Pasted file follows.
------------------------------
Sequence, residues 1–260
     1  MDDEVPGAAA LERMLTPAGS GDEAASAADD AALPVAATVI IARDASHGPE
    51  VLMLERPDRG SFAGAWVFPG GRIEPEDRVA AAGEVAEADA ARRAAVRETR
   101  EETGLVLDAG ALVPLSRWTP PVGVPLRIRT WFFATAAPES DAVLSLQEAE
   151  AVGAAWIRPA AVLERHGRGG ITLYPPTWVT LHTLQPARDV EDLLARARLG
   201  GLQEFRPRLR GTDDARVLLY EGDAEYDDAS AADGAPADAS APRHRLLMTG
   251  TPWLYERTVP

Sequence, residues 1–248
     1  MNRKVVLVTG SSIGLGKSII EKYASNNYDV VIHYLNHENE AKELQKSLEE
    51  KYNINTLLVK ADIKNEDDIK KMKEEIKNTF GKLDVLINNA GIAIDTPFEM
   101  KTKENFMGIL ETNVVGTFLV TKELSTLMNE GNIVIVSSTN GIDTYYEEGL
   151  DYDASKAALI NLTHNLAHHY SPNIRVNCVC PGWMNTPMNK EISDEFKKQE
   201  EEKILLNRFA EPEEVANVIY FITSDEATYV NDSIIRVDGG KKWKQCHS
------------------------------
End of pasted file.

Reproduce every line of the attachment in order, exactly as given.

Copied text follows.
Sequence, residues 1–260
     1  MDDEVPGAAA LERMLTPAGS GDEAASAADD AALPVAATVI IARDASHGPE
    51  VLMLERPDRG SFAGAWVFPG GRIEPEDRVA AAGEVAEADA ARRAAVRETR
   101  EETGLVLDAG ALVPLSRWTP PVGVPLRIRT WFFATAAPES DAVLSLQEAE
   151  AVGAAWIRPA AVLERHGRGG ITLYPPTWVT LHTLQPARDV EDLLARARLG
   201  GLQEFRPRLR GTDDARVLLY EGDAEYDDAS AADGAPADAS APRHRLLMTG
   251  TPWLYERTVP

Sequence, residues 1–248
     1  MNRKVVLVTG SSIGLGKSII EKYASNNYDV VIHYLNHENE AKELQKSLEE
    51  KYNINTLLVK ADIKNEDDIK KMKEEIKNTF GKLDVLINNA GIAIDTPFEM
   101  KTKENFMGIL ETNVVGTFLV TKELSTLMNE GNIVIVSSTN GIDTYYEEGL
   151  DYDASKAALI NLTHNLAHHY SPNIRVNCVC PGWMNTPMNK EISDEFKKQE
   201  EEKILLNRFA EPEEVANVIY FITSDEATYV NDSIIRVDGG KKWKQCHS